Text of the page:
These millimetre-wide “xenobots” can move toward a target, perhaps pick up a payload - like a medicine that needs to be carried to a specific place inside a patient - and heal themselves after being cut
Researchers in the US have created the first living machines by assembling cells from African clawed frogs into tiny robots that move around under their own steam, The Guardian reports.
These millimetre-wide “xenobots” can move toward a target, perhaps pick up a payload - like a medicine that needs to be carried to a specific place inside a patient - and heal themselves after being cut.
“These are novel living machines,” says Joshua Bongard, a computer scientist and robotics expert at the University of Vermont (UVM) who co-led the new research. “They’re neither a traditional robot nor a known species of animal.”
“It’s a new class of artifact: a living, programmable organism.”
The new creatures were designed on a supercomputer at UVM — and then assembled and tested by biologists at Tufts University.
“We can imagine many useful applications of these living robots that other machines can’t do,” says co-leader Michael Levin who directs the Centre for Regenerative and Developmental Biology at Tufts, “like searching out nasty compounds or radioactive contamination, gathering microplastic in the oceans, travelling in arteries to scrape out plaque.”
The robots, which are less than 1mm long, are designed by an “evolutionary algorithm” that runs on a supercomputer. The program starts by generating random 3D configurations of 500 to 1,000 skin and heart cells.
Each design is then tested in a virtual environment, to see, for example, how far it moves when the heart cells are set beating. The best performers are used to spawn more designs, which themselves are then put through their paces.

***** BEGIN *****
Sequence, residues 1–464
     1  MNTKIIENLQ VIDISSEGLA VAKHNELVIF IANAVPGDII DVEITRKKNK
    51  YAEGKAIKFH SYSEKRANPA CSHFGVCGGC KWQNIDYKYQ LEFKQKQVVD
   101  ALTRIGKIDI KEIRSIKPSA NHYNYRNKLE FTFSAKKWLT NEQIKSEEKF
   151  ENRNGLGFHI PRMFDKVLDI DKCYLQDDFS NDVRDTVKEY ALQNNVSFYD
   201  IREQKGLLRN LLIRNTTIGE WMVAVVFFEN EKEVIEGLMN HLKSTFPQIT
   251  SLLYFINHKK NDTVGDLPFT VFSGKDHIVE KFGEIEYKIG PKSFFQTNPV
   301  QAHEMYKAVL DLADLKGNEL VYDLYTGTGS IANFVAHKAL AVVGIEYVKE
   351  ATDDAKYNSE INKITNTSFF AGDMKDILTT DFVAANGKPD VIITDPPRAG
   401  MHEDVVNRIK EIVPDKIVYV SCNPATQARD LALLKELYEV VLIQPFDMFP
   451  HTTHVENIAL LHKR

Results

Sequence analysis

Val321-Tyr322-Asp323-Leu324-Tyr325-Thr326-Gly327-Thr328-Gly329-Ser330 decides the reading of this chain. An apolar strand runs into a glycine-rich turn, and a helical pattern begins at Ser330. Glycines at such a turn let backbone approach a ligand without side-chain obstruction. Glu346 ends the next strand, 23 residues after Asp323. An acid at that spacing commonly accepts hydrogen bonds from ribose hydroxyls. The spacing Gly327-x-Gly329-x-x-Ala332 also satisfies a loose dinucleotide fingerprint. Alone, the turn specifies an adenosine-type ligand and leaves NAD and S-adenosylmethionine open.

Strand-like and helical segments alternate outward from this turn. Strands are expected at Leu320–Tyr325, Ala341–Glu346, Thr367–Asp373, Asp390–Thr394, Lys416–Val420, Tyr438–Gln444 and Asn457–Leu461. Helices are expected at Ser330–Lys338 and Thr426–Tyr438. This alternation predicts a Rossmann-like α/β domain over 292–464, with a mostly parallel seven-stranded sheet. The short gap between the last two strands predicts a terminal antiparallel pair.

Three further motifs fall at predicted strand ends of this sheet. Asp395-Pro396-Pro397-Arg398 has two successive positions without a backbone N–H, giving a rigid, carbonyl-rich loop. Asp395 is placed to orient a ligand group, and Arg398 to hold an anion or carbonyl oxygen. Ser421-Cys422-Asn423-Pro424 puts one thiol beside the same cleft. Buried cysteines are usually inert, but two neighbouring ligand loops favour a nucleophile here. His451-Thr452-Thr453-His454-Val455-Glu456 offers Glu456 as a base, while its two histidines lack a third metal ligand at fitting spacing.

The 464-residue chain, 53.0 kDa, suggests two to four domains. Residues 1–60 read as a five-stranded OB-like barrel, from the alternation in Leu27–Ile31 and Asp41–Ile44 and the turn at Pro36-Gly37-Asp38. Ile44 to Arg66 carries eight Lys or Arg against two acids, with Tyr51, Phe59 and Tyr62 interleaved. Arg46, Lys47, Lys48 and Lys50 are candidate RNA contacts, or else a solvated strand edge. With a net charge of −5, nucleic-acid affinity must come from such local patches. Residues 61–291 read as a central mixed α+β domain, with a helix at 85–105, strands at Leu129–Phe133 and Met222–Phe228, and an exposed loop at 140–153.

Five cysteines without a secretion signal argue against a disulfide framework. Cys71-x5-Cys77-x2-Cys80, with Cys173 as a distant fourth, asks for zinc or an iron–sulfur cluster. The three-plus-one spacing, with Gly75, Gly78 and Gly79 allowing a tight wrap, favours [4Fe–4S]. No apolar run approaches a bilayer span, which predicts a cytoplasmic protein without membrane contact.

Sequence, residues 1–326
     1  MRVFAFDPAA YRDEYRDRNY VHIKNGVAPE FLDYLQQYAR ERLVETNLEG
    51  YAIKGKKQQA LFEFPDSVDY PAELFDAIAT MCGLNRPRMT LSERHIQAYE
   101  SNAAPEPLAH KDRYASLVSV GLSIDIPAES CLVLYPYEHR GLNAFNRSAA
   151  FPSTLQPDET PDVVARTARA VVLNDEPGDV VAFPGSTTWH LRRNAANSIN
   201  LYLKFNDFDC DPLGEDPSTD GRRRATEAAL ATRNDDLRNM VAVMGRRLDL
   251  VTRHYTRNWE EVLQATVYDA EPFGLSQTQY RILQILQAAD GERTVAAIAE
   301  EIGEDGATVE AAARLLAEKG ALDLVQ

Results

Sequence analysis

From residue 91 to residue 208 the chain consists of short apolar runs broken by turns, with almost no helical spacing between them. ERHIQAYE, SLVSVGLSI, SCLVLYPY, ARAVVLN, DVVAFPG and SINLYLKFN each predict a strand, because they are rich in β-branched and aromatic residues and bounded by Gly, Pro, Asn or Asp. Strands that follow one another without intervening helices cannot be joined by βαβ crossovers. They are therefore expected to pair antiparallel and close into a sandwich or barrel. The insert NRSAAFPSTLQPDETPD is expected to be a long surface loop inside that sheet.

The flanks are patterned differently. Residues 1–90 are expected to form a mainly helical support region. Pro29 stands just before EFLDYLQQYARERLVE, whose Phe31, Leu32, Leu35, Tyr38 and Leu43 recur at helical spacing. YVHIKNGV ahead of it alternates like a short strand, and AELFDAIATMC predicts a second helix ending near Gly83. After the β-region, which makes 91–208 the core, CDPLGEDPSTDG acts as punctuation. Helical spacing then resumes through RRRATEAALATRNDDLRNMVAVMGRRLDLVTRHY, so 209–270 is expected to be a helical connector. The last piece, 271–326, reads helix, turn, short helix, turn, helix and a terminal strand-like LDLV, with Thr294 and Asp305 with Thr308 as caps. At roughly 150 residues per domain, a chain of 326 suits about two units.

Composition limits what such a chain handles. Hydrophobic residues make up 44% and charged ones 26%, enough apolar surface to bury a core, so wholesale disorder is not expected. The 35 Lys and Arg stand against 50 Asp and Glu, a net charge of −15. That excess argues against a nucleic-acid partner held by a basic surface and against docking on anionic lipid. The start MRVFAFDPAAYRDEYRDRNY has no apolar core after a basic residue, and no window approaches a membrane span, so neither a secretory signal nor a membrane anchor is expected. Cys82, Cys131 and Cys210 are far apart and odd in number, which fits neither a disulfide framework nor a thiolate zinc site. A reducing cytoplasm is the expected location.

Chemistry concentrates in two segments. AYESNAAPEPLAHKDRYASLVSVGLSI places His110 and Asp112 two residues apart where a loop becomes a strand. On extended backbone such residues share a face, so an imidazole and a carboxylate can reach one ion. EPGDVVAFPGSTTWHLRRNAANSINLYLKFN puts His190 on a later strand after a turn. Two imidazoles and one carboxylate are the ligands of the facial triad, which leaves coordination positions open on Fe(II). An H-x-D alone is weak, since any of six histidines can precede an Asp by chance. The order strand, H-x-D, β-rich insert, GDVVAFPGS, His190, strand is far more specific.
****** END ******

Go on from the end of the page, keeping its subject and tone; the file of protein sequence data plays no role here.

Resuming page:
Because heart cells spontaneously contract and relax, they behave like miniature engines that drive the robots along until their energy reserves run out. The cells have enough fuel inside them for the robots to survive for a week to 10 days before keeling over.
The scientists waited for the computer to churn out 100 generations before picking a handful of designs to build in the lab. They used tweezers and cauterising tools to sculpt early-stage skin and heart cells scraped from the embryos of African clawed frogs, Xenopus laevis. The source of the cells led the scientists to call their creations - xenobots.
But xenobots also raise a bevy of ethical questions. If things go awry, humans may need protection against these and other forms of artificial life—or, perhaps, vice versa.
“When you’re creating life, you don’t have a good sense of what direction it’s going to take,” says Nita Farahany, who studies the ethical ramifications of new technologies at Duke University and was not involved in the study.
“Any time we try to harness life … [we should] recognize its potential to go really poorly.”